|Trade names||Loxitane, Adasuve, others|
|Drug class||Typical antipsychotic|
|Side effects||Movement disorders, sleepiness, dry mouth, blurry vision, low blood pressure with standing, fast heart rate|
|By mouth, powder for inhalation|
|Typical dose||60 to 100 mg per day|
|Metabolism||Extensive hepatic; active metabolites include amoxapine and 8-hydroxyloxapine. Inhibits P-gp and is a substrate of CYP1A2, CYP3A4 and CYP2D6|
|Elimination half-life||4 hours (oral); 7.61 hours (inhalation)|
|Excretion||Majority are excreted within 24 hours, main route through urine (conjugated metabolites), small amounts through the feces (unconjugated metabolites)|
|Chemical and physical data|
|Molar mass||327.81 g·mol−1|
|3D model (JSmol)|
|Melting point||109 to 110 °C (228 to 230 °F)|
|(what is this?)|
Loxapine, sold under the brand names Loxitane among others, is a typical antipsychotic used to treat psychosis including schizophrenia and for agitation. Benefit in people with intellectual disability is unclear. It is taken by mouth or inhaled.
Common side effects include movement disorders, sleepiness, dry mouth, blurry vision, low blood pressure with standing, and fast heart rate. Other side effects may include milk production, seizures, sunburns, neuroleptic malignant syndrome, and increased risk of death in those with dementia. It is believed to work by blocking dopamine D2 and 5-HT2A receptors.
A brief review of loxapine found no conclusive evidence that it was particularly effective in patients with paranoid schizophrenia. A subsequent systematic review considered that the limited evidence did not indicate a clear difference in its effects from other antipsychotics.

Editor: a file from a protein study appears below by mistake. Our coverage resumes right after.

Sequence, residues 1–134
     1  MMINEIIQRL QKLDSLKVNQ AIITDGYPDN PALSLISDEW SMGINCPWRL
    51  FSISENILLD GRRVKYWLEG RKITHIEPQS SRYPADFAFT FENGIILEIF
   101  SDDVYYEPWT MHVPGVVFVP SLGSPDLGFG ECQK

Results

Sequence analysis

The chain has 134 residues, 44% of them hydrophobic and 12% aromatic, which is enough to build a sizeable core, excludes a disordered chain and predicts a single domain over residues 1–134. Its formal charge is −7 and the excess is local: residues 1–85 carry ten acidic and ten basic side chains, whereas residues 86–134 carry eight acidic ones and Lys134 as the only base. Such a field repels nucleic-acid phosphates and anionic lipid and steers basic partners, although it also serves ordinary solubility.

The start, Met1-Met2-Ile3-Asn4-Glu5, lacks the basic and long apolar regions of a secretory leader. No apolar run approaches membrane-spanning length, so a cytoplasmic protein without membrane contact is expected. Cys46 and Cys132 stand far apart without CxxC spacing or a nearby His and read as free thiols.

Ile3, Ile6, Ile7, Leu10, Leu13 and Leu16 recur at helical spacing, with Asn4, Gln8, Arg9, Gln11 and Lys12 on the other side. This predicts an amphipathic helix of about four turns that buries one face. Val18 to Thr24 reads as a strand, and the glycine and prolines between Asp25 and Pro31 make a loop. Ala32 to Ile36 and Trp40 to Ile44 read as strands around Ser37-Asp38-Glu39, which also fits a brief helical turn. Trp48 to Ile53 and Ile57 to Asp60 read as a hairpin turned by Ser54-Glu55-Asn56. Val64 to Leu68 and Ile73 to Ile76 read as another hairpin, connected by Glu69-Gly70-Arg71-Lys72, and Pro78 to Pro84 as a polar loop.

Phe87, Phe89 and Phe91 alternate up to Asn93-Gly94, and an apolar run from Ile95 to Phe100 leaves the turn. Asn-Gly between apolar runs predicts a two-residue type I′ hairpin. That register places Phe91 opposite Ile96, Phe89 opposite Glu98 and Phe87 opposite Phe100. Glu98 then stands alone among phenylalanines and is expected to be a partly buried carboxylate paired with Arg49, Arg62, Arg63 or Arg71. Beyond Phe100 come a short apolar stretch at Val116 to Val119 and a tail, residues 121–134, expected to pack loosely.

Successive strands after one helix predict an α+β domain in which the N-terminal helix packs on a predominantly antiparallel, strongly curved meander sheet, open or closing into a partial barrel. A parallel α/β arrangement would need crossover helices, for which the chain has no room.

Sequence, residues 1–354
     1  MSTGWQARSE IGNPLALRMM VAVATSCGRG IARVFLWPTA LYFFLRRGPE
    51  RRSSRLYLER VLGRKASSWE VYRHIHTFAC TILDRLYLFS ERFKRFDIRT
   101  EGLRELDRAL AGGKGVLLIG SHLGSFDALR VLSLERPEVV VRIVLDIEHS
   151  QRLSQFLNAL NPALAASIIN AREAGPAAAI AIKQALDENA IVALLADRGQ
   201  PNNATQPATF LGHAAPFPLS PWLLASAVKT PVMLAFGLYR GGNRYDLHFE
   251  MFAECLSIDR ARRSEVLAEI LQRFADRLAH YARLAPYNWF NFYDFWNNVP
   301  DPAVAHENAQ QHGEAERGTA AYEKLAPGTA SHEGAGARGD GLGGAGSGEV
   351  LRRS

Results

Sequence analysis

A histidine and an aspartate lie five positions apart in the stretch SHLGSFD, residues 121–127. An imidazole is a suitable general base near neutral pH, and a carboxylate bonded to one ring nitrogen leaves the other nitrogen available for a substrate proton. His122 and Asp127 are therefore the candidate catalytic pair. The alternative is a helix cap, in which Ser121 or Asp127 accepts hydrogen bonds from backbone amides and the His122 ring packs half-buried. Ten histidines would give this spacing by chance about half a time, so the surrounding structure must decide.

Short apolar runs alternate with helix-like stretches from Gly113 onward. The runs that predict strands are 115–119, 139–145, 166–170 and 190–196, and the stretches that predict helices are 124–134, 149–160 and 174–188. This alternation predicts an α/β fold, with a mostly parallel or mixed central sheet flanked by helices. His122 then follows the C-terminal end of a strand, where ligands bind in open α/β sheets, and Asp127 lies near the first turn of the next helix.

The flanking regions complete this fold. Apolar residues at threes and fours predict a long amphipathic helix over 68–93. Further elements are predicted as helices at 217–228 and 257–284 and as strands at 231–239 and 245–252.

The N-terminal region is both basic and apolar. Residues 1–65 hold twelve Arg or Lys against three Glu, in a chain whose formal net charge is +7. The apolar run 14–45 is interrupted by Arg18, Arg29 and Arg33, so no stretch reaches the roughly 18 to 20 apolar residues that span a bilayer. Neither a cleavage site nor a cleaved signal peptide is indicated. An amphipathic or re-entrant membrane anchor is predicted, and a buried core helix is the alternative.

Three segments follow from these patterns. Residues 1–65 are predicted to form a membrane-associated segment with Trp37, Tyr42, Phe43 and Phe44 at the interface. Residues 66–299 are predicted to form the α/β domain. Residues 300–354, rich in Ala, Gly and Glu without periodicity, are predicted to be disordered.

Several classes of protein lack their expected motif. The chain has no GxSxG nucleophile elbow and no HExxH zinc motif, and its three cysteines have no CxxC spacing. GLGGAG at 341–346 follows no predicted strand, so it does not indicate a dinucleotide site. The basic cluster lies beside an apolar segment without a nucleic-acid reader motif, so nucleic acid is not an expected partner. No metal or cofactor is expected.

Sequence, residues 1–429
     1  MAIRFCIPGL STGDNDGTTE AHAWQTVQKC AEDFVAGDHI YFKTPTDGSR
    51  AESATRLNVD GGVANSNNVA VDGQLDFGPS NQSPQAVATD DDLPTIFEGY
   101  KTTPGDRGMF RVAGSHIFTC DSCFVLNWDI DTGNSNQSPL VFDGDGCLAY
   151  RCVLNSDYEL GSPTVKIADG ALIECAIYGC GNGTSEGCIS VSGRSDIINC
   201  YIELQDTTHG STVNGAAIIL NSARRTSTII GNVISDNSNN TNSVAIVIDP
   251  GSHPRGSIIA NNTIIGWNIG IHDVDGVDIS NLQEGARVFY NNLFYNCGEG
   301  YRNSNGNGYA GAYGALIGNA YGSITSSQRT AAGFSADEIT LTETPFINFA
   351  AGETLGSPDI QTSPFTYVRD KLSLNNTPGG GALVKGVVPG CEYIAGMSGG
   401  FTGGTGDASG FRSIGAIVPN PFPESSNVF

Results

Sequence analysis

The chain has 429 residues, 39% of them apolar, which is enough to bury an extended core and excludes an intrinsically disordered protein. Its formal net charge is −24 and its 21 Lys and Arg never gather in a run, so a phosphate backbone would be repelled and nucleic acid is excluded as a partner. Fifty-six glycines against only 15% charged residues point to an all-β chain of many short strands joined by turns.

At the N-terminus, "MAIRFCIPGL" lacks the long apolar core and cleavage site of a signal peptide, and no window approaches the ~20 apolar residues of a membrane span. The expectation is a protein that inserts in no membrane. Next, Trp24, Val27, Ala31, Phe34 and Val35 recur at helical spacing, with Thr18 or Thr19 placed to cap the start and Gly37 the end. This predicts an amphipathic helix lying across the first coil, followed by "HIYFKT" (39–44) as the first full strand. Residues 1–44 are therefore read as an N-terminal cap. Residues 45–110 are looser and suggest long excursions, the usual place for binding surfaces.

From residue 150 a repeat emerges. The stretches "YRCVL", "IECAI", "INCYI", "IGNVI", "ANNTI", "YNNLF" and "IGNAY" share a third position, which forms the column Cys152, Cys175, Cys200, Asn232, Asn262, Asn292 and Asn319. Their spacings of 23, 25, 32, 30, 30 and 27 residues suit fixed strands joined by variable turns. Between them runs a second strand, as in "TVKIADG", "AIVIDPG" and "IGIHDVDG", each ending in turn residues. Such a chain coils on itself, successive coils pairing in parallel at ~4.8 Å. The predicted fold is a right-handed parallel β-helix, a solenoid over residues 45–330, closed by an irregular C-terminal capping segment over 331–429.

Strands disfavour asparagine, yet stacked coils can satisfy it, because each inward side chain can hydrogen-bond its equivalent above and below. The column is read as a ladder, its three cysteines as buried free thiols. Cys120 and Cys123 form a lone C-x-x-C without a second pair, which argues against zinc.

It is generally started at 10 mg twice per day and is typically increased to 60 to 100 mg per day.
Loxapine can cause side effects that are generally similar to that of other medications in the typical antipsychotic class of medications. These include, e.g., gastrointestinal problems (like constipation and abdominal pain), cardiovascular problems (like tachycardia), moderate likelihood of drowsiness (relative to other antipsychotics), and movement problems (i.e. extrapyramidal symptoms [EPS]). At lower dosages its propensity for causing EPS appears to be similar to that of atypical antipsychotics. Although it is structurally similar to clozapine, it does not have the same risk of agranulocytosis (which, even with clozapine, is less than 1%); however, mild and temporary fluctuations in blood leukocyte levels can occur. Abuse of loxapine has been reported.
|Values are Ki (nM). The smaller the value, the more strongly the drug binds to the site.|
Mechanism of action
Loxapine is a "mid-potency" typical antipsychotic. However, unlike most other typical antipsychotics, it has significant potency at the 5HT2A receptor (6.6 nM), which is similar to atypical antipsychotics like clozapine (5.35 nM). The higher likelihood of EPS with loxapine, compared to clozapine, may be due to its high potency for the D2 receptor.
Loxapine is metabolized to amoxapine, as well as its 8-hydroxy metabolite (8-hydroxyloxapine). Amoxapine is further metabolized to its 8-hydroxy metabolite (8-hydroxyamoxapine), which is also found in the blood of people taking loxapine. At steady-state after taking loxapine by mouth, the relative amounts of loxapine and its metabolites in the blood is as follows: 8-hydroxyloxapine > 8-hydroxyamoxapine > loxapine.
The pharmacokinetics of loxapine change depending on how it is given. Intramuscular injections of loxapine lead to higher blood levels and area under the curve of loxapine than when it is taken by mouth.
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